19 June 2018, by Flora Isabelle
I still remember the first time it hit me. We had just returned from the hospital and as our car turned into the driveway, my Mother-in-law gleefully shouted, “Baby’s back!!!” and promptly opened the door, whisked him out of the car seat, excited to show my newborn to the rest of the family.
I took my time to “pack everything” and get out of the car. And when I say took my time, I really meant 20 minutes. I remember feeling this incredible sense of sadness about mother-in-law taking away the baby – MY baby – away from me. Even though she was simply carrying him into MY house.
It’s irrational. It’s unnecessary, rude even, for me to feel this way.
That was the first time I cried.
A good 20 minutes of unexplained pitiful sobbing in the car.
I then told myself to snap out of it (thankfully nobody noticed my absence with all the fanfare going on) and got out of the vehicle.
I would soon have such unexplained crying bouts over the next few weeks. I cried when my boy got warded for jaundice, I cried when my milk supply kicked in and I faced engorgement for the first time and didn’t know what to do, I felt like a complete failure when my baby couldn’t latch properly to my breasts, I blamed myself when I had to supplement with formula and I cried again whenever I had to pass my boy to my helper just so I can take a quick shower and wolf down four mouthfuls as lunch.
I cried in the shower, I cried when I was carrying and I cried again when somebody else carried him. (Cues immense Google searching, “Will my baby love my helper more than his mother?”)
It got better, thankfully. As my milk supply regulated, as my boy learned how to sleep in his crib and as I got better at being a mom on the whole, I found myself having less and less of such blues and throughly enjoying the joy and little moments of motherhood.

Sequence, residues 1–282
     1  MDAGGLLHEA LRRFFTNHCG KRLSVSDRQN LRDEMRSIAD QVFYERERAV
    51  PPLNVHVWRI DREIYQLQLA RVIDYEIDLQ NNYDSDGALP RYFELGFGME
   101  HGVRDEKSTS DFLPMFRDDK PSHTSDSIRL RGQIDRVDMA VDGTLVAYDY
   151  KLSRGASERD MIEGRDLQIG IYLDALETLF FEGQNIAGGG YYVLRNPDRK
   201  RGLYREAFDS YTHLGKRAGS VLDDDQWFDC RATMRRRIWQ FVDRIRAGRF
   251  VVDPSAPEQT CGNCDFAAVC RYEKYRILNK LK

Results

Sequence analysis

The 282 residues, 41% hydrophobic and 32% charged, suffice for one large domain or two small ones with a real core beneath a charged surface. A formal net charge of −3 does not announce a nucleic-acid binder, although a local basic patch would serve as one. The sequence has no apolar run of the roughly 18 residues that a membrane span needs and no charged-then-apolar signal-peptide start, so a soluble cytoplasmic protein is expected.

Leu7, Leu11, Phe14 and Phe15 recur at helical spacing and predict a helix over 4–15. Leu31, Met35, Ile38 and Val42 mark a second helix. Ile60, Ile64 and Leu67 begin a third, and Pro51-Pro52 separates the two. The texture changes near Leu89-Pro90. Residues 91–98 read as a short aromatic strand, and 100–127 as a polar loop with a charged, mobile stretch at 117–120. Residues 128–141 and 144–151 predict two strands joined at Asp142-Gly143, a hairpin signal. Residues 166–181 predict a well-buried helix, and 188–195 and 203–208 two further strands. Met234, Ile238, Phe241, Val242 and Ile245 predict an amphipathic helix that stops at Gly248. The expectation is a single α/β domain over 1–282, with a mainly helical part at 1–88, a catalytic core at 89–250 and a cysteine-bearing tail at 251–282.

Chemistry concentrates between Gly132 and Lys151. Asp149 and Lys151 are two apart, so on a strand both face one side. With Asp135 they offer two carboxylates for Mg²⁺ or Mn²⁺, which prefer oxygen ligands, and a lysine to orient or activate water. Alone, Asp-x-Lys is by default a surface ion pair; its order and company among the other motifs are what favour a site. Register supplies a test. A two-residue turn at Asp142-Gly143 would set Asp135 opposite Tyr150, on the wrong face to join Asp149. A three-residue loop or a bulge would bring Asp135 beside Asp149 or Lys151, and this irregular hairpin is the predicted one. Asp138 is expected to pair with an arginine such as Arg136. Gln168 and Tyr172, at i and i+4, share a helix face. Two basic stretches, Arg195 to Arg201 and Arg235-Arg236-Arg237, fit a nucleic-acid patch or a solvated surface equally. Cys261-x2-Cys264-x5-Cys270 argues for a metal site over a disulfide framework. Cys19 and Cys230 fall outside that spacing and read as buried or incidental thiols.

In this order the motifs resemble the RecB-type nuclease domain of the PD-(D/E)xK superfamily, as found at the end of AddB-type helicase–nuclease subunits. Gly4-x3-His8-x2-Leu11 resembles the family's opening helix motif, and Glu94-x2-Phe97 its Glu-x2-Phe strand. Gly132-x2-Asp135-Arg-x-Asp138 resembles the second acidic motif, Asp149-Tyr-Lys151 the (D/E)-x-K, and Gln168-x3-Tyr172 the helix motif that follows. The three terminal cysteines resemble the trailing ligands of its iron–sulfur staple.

Thinking back, I think I was suffering from a case of emotional blues or what they term, postpartum depression.
It’s scary a term, dramatic even, and probably something that many of us wouldn’t expect to hit us. “A friend of a friend of a friend” had it, but no, not us. After all, we loved our child too much for us to feel sad – right?
After talking to a couple of Mommy friends, what I have realised is that, postpartum depression is real.
Almost everybody I know have felt some varying degree of blues and emotional roller coasters. That being said, they all now say that it is a thing of the past – what I believe, is that you first have to believe that things WILL get better. Things may seem bleak and hopeless but knowing that there’s light at the end of the tunnel helps.
In the meanwhile, hang tight, seek support from your friends and family or perhaps professional help too – don’t be afraid to talk about it. It is unfortunate that in our society, depression is still a somewhat taboo topic (though the recent tragedies of Kate Spade and Anthony Bourdain might have shed some light on the gravity of it) and I hope that by writing about this, we all know that we are not alone and that it will serve as motivation (and reminder for myself, when I get pregnant again) for new moms out there.
“Everything will be okay in the end. If it’s not okay, it’s not the end. ” —John Lennon.